Archives for posts with tag: photography


I struggled with this prompt. A lot of thoughts came to mind, but none that seemed to translate well to a photograph. In the end, it was a clue in a crossword puzzle that sparked this idea. “To copy or repeat exactly”

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There is a certain intensity in high-school sports. Talent, emotion, energy.

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One of my favorite places in my house is the sun porch. With windows on 3 sides it can be used well into the winter as the sun warms it, and the cross-breeze usually keeps it cool in the summer. Usually. On a hot day earlier this week, the thermometer I mounted inside indicated that no amount of breeze was going to make it feel cool.

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I have an interesting aunt. Well, several actually, but this one in particular started her professional life in computer science back in the early days when everything was still punch cards, and there were almost no women in the field. She had a good job our in California, drove a cute little Porsche convertible and seemed to be living the American dream life.

When she was 27, she put that all aside to follow her passion of Anthropology and ended up moving to Canada to teach at one of the universities there. Although her financial situation changed dramatically, she was given the opportunity for so much travel on her sabbatical years and study indigenous tribes around the world.

I didn’t get to see her much when I was growing up, but I reconnected with her as an adult. On my first visit, she gave me this goose she picked up on her travels. Whenever she visits a new place, she makes it a point to always talk to the children. She meets a lot of them peddling local crafts their families have made. She knows that these purchases are truly examples of native crafts, support a local family, and give them more meaning than anything she could pick up at a souvenir shop.

Because of this, when I visit a new place, I try to find the small stands or a person with a shop on their own land selling traditional hand made items. Taking some time to talk to the artist or their family lets me appreciate the work and history that has gone into their craft, and attaches greater memories to the object once I get it home.  It all started when I was given this goose.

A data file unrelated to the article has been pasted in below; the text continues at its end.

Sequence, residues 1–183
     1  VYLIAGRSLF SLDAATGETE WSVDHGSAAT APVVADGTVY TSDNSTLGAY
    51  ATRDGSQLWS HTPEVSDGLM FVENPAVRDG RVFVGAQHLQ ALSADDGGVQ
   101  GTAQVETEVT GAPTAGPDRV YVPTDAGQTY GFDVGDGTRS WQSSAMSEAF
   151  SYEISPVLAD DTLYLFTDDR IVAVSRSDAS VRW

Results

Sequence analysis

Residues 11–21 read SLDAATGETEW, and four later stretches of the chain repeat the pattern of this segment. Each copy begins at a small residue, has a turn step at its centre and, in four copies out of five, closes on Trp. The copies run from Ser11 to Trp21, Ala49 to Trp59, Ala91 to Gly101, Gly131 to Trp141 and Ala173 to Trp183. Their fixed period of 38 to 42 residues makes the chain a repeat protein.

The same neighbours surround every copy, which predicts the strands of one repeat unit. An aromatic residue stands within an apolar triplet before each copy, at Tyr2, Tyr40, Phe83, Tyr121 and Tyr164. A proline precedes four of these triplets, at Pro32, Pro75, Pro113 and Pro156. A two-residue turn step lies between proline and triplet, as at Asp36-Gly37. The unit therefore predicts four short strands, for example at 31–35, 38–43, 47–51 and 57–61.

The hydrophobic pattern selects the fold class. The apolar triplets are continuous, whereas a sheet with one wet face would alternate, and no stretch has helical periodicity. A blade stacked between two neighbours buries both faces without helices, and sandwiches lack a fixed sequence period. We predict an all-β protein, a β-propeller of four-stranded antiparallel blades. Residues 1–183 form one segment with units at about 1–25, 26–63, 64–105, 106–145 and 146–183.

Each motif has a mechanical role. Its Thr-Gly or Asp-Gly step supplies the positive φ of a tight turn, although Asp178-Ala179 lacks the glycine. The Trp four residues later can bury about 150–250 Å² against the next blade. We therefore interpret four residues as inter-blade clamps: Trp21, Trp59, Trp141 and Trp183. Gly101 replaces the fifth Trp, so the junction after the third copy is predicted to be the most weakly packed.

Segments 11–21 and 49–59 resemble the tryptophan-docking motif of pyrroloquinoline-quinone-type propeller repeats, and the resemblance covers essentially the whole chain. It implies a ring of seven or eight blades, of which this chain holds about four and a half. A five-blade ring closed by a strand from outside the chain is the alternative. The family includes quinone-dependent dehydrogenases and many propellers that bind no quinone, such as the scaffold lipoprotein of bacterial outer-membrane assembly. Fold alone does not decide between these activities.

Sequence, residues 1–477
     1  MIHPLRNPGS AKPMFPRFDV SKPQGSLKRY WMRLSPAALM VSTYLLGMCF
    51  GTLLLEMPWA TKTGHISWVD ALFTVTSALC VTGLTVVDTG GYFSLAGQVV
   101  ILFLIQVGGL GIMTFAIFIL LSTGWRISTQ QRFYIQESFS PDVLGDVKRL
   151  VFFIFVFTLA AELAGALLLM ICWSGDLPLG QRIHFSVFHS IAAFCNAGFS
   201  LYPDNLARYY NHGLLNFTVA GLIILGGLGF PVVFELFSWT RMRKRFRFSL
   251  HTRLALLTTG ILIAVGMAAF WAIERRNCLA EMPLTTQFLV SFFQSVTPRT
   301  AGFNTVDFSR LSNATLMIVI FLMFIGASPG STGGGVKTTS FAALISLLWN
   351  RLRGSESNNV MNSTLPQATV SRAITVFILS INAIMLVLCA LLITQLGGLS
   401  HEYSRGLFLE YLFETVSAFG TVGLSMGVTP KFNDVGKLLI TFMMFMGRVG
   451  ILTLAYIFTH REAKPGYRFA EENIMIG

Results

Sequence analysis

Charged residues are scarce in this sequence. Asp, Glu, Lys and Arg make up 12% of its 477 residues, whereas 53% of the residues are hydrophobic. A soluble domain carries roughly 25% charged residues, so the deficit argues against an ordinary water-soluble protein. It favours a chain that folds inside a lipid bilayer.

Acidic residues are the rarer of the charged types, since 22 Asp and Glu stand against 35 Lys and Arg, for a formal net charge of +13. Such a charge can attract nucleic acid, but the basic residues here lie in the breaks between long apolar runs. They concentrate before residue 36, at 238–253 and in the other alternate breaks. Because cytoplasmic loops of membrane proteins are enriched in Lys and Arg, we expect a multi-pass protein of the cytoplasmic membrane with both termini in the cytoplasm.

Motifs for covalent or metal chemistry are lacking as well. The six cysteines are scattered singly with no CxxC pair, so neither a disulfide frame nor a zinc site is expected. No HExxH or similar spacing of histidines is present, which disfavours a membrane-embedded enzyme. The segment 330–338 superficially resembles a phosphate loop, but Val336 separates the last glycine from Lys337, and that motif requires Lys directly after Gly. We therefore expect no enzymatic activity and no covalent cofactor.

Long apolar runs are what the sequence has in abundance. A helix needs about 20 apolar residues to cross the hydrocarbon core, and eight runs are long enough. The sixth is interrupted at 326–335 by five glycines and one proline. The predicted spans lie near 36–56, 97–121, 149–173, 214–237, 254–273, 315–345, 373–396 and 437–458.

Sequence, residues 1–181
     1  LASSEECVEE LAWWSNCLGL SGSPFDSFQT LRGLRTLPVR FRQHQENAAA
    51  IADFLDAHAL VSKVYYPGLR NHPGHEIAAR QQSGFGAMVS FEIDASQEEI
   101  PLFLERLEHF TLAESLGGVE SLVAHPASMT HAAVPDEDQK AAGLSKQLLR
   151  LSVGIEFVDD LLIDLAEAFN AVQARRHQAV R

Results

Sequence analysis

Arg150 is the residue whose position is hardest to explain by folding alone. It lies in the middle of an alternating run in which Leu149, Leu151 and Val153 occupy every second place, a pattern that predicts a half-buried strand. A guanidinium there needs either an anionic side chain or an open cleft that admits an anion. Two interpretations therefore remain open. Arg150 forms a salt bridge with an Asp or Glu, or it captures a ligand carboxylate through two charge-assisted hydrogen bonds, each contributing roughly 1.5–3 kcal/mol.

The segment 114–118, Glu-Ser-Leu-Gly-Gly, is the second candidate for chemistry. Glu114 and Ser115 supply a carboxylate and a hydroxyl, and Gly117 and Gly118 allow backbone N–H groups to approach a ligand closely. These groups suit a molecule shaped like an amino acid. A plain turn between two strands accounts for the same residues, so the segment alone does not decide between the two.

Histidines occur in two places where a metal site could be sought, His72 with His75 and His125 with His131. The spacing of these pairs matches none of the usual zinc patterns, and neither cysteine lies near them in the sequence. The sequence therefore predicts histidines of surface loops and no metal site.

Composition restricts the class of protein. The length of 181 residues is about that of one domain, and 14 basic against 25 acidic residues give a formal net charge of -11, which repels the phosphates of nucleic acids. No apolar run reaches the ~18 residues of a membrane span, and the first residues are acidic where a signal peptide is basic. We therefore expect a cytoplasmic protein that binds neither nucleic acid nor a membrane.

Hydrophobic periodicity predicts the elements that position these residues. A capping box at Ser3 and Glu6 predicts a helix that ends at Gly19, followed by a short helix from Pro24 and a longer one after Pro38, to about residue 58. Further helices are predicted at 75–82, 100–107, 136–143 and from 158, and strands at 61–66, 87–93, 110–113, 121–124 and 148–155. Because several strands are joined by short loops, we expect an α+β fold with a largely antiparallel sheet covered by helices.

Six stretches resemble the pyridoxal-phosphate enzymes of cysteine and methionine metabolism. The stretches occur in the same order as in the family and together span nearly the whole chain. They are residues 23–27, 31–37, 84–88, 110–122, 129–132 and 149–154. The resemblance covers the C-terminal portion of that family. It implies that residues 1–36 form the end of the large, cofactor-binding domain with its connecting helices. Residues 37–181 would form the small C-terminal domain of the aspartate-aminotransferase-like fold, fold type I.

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We went to a World War II reenactment and airshow this past weekend. All of the reenactors were eager to share their knowledge and passion about that part of history. I was astounded to learn that almost everything item there was collected by the individuals, and they go to great lengths to find and preserve even everyday items that were used by the soldiers.

It was fun to watch the airshow with all the old planes doing loops and rolls. Somehow I don’t think that this helmet would protect the pilot very well is things went amiss, but I’m sure it was state-of-the-art armor at the time.


Glass knobs make any door seem fancy even if t needs to be painted and the brass could use a polish.

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Check (2)

We have been cleaning out my Father-in-Law’s house. He lived there for almost 50 years and saved everything. In two large file cabinets in the basement, there are canceled checks that date back from the 1960s.

This is one box full of them. One box of many, many boxes. It is from a shoe-store chain that does not even exist anymore, although at one time it was in every shopping mall around. Like the memory of shoe shopping this box brings, it has been interesting to look through some of the older canceled checks. A $3.00 birthday check for a niece or nephew,  a ridiculously small electric bill, donations to charities. In a way, the checks were like a timeline of my in law’s life.

They are all being shredded before being put out for recycling.  It seems odd, but it is strangely hard to do. It feels like erasing a record of their life.

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Mummers 565 (2)

It happens in Philadelphia every New Year’s Day, and has been happening since the 1800s. The Mummers Parade. Over 10,000 marchers in four divisions parade through the city. My favorite division is the String Bands. The elaborate costumes, music, and routines get the entire street clapping and dancing.

There has been controversy with the parade through the years. Women were not permitted to participate until the 1970s, and sometimes the themes chosen by the different clubs are a bit questionable, but nothing has stopped it yet. Each year, these groups of working-class folks don sequins and feathers and do the “Mummers Strut” down Broad Street.

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I tried to think of another way to interpret this prompt, but in the end kept coming back to the plant. Amazing to think that something so leafy starts out  as such a small spiral.

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I really enjoy seeing how things are made. I especially like to see how traditional things are made,  and am happy that there are people who value craftsmanship enough to keep the skills alive and the tools running.

This photo shows traditional cedar shake shingles being made on an old steam powered machine. Each pass of the blade shaves off a thin layer of wood while the board is slowly pushed forward.  I imagine the difference between the work that got done with this machine versus hand cutting them must have seemed magical.

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